“It wasn’t until I arrived at the facility the next morning that I knew what was happening. In any other context, we call this kidnapping,” Hilton said. “I challenge you. Is this the process necessary, therapeutic or, in any sense, the way to do it.”

In written testimony, one organization opposing the measure said the organizations often take in kids from families that have been turned away elsewhere, and that restraint and seclusion are tools that help keep workers and clients safe.

The group also say the bill has an overly broad definition of restraint and has no grace period, which would make their services immediately illegal.

Portland Man Charged in 2 Killings That Occurred 2 Decades Apart

A Portland, Oregon, man accused of killing two strangers who disappeared 20 years apart pleaded not guilty Thursday to murder charges. Cold case DNA evidence led authorities to Christopher Lovrien’s home, where police said they found the dismembered remains of the second victim.

Police arrested Lovrien, 53, in May after forensic genealogy linked him to the 1999 disappearance — and presumed death — of Mark Dribin, an airline cargo worker.

Authorities searching a shed at Lovrien’s home several weeks after his arrest found the dismembered remains of another man, Kenneth Griffin, who had gone missing three months earlier. Dribin’s body has not been found.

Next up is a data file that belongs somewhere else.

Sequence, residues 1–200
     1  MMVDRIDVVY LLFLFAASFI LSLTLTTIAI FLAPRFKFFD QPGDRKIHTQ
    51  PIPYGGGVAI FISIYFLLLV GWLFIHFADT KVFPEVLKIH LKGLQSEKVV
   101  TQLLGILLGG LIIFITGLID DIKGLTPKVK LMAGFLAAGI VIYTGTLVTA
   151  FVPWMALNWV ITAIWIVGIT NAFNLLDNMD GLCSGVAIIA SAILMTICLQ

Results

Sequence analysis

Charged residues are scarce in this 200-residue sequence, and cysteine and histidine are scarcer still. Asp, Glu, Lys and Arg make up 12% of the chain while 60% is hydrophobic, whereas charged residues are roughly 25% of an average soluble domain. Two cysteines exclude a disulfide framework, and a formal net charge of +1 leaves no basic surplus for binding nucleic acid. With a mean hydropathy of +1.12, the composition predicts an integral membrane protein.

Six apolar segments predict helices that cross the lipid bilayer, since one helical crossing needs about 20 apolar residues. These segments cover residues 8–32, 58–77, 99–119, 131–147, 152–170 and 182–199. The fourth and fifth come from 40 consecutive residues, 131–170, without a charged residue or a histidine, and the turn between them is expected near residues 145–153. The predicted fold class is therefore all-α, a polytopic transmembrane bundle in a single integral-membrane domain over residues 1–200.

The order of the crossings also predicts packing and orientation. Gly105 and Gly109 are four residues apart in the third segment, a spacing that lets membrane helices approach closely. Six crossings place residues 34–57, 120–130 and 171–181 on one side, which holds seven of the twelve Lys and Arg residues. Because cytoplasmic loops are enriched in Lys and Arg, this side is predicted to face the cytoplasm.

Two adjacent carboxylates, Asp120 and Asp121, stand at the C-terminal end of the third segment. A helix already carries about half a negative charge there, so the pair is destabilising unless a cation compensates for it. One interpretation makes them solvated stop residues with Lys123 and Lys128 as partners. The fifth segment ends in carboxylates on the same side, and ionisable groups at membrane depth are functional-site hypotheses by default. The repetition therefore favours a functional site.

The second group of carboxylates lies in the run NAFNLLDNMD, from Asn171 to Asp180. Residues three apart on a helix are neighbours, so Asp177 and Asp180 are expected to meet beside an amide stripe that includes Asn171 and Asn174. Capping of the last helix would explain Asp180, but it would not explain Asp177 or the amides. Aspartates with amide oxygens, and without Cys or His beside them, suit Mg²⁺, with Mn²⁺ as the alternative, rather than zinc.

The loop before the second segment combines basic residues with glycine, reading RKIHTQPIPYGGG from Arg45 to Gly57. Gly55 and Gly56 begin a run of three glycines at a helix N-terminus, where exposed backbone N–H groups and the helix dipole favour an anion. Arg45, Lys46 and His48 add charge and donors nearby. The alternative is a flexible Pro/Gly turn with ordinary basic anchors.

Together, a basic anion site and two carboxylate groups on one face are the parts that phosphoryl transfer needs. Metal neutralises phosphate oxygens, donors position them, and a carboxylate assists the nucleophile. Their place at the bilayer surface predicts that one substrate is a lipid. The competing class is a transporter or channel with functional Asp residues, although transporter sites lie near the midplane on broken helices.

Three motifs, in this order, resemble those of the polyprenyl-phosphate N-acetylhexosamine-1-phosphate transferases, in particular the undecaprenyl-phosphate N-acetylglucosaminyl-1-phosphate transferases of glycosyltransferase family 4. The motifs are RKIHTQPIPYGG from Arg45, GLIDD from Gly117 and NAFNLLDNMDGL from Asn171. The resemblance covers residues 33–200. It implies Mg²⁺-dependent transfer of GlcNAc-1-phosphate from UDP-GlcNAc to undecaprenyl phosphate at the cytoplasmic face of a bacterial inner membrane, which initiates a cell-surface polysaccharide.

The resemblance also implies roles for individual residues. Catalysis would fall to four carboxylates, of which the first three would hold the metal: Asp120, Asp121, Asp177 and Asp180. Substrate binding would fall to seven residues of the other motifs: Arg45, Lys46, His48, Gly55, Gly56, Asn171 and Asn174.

Lovrien faces two counts of second-degree murder, one count of abuse of a corpse and six counts of being a felon in possession of a firearm.

Investigators believe the two victims were strangers to Lovrien and to each other.

The Multnomah County District Attorney’s Office asked anyone with information about missing people who had been living under the Interstate 205 bridge in southeast Portland between the summer of 2019 and last May and had contact with Lovrien to call police.

Lovrien, a metal fabricator, was not homeless and did not live under the bridge, they said. Authorities declined to say why they were focused on the bridge and on that time period.

In a news conference Thursday, authorities said additional evidence, including statements from Lovrien, indicate there may be other victims, but they declined to provide more details.

Detectives recovered DNA evidence from an unknown suspect in Dribin’s home and car in 1999 but were unable to match it to anyone.

In 2019, cold case detectives submitted the DNA to a private, third-party company for forensic analysis and learned it could be connected to one of several brothers. Police narrowed that lead to Lovrien and obtained a search warrant for a DNA sample from him last year, said cold case lead investigator Brendan McGuire.

The results matched the sample obtained two decades before, he said, and marked a huge break in the case.